Watch our video to see how the Habitat Quantification Tool works to bring greater certainty and accountability to conservation planning for vulnerable species like the Swainson’s hawk.
Traditional conservation tools focus on acreage, but not enough on the quality of those acres. The Habitat Quantification Tool (HQT) – developed by EDF in conjunction with scientists and technical experts – uses a different approach designed to bring greater confidence to conservation decisions.
The HQT evaluates both quantity and quality of habitat using a unit called "functional acres." Habitat quality is determined using the best available science on a particular species' habitat needs. By using this tool before, during and after a conservation or development project, regulatory agencies can more precisely assess environmental impacts and generate positive outcomes for wildlife.
Functional acres become the common language for regulators, industries, developers and landowners to base their plans on. With all stakeholders speaking the same language, conservation projects can move much more quickly. And the transparent scoring process reduces chances of litigation.
As an appraisal tool, the HQT has the flexibility to bring value and increased transparency to any conservation, restoration or mitigation project. It also serves as the basis for a habitat exchange, which rewards landowners for achieving conservation outcomes rather than following pre-defined practices.
The HQT is:
- Science-based: continually factors in the best available science – no guesswork involved
- Consistent: provides a common language – functional acres – for all parties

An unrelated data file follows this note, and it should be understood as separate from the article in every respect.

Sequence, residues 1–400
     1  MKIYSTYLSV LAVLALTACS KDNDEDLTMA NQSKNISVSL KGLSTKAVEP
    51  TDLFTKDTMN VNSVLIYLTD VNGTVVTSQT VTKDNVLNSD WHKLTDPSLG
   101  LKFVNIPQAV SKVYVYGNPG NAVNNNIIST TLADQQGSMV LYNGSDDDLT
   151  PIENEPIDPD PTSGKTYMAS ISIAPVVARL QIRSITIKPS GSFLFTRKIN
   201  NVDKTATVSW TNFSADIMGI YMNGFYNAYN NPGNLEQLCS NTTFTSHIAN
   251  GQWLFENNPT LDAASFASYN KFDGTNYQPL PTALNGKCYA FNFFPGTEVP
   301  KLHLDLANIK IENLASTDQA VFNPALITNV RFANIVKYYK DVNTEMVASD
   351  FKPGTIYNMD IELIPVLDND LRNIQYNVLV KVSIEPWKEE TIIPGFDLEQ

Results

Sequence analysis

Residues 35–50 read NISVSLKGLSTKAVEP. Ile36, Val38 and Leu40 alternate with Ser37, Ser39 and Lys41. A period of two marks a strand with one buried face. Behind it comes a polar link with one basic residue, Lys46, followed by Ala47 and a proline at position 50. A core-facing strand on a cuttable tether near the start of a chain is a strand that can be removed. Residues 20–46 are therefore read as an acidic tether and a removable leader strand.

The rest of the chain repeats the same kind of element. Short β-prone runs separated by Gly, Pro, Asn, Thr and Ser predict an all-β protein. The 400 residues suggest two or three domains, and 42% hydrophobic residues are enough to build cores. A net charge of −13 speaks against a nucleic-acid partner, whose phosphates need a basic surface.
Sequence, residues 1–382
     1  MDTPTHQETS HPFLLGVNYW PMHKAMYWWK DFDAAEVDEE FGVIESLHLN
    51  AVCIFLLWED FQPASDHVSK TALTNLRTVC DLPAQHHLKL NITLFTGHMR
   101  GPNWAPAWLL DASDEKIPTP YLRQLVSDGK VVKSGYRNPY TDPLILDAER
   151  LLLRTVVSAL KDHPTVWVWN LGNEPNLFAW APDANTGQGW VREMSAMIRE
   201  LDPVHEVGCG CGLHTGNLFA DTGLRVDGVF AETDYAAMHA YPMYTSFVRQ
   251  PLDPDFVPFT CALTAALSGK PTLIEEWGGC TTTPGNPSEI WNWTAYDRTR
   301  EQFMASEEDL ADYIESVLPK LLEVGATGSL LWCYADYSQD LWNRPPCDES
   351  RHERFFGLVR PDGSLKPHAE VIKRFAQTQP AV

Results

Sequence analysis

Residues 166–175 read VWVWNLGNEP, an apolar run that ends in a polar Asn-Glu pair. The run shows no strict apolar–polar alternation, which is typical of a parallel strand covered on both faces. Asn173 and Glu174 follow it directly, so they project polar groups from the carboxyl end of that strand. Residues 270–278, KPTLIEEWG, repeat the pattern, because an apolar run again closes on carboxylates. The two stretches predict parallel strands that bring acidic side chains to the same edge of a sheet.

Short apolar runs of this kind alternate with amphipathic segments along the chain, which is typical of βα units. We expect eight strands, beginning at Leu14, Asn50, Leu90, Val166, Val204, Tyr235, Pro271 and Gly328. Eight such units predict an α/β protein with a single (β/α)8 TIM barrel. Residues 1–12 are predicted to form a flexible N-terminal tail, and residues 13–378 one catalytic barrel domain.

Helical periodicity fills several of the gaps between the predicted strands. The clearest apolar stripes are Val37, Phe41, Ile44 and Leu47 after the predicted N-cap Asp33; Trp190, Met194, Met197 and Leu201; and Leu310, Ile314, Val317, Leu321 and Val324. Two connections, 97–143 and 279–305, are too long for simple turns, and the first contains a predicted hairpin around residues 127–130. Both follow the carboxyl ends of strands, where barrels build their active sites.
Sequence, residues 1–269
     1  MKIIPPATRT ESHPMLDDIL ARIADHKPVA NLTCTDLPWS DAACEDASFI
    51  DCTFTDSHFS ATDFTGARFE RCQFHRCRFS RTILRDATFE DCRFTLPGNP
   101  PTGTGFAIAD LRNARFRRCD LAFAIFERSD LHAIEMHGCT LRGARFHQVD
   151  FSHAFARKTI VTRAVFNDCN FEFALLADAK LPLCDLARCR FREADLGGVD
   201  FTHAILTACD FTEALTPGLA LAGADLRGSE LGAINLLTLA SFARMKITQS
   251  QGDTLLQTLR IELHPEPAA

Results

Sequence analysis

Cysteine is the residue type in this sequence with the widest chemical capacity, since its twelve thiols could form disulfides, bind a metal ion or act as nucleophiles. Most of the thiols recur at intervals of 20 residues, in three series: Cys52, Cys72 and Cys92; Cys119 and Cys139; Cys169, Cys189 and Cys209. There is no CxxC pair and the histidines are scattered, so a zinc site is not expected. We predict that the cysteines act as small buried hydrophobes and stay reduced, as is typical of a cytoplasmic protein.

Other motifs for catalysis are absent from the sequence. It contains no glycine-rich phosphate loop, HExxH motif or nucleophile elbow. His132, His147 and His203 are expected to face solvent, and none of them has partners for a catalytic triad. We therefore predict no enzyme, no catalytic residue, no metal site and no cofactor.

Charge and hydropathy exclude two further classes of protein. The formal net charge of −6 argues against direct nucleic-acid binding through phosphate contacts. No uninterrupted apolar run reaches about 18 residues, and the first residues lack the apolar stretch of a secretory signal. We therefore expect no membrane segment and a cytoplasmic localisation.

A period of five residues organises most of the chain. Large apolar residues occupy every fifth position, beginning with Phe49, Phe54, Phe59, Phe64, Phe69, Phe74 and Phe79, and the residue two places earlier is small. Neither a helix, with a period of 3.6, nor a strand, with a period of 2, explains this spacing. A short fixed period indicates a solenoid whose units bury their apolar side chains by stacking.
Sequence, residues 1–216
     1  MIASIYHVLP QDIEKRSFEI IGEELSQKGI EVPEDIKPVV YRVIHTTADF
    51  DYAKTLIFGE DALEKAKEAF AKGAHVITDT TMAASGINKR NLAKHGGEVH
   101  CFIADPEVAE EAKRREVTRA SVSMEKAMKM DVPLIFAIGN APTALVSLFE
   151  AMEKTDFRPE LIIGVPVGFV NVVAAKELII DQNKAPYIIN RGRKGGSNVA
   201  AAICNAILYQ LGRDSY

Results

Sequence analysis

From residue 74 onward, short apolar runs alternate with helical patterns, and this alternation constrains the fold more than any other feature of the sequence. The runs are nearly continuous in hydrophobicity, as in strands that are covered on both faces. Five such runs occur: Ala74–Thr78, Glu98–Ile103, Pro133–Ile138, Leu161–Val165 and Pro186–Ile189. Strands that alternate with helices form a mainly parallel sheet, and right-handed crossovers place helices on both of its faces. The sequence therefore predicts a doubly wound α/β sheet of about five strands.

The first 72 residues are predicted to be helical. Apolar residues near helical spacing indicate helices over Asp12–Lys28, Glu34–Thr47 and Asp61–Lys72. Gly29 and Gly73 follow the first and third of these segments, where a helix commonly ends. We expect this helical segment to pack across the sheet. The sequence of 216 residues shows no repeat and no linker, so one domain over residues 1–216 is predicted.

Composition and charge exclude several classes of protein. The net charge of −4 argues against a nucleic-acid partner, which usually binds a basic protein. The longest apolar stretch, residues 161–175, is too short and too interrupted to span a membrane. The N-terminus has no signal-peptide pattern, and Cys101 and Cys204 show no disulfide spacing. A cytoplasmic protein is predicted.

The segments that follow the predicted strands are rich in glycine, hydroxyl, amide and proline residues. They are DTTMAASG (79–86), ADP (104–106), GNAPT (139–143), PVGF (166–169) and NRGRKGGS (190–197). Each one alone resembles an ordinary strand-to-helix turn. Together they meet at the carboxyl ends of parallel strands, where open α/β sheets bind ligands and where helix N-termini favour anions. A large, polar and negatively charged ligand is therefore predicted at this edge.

- Transparent: provides an objective measure of impacts and benefits everyone can understand – and tracks and reports outcomes to avoid "black box" decision making
- Comprehensive: measures quantity and quality, site- and landscape-scale habitat conditions, and direct and indirect impacts
- Scalable: can inform conservation projects from small- to large-scale efforts that cross state borders and jurisdictions
- Flexible: adjusts for changes in the landscape over time, such as climate impacts
- Efficient: using the HQT requires only the time to conduct a field-site survey and familiarity with biological assessments, Microsoft Excel, and GIS and mapping software, such as Google Earth
- Strives for net benefit: improves tracking of progress toward the goal of creating net benefit
- Achieves the highest return on investment: directs conservation dollars – both public and private – to activities and projects that provide the greatest habitat benefit
Status of the HQT
A number of Habitat Quantification Tools are currently being developed for multiple species including the monarch butterfly, greater sage-grouse and several species in the California Central Valley. The HQT has also been adapted to measure stream functions. Other species and habitats will be considered for HQT development and application in the future.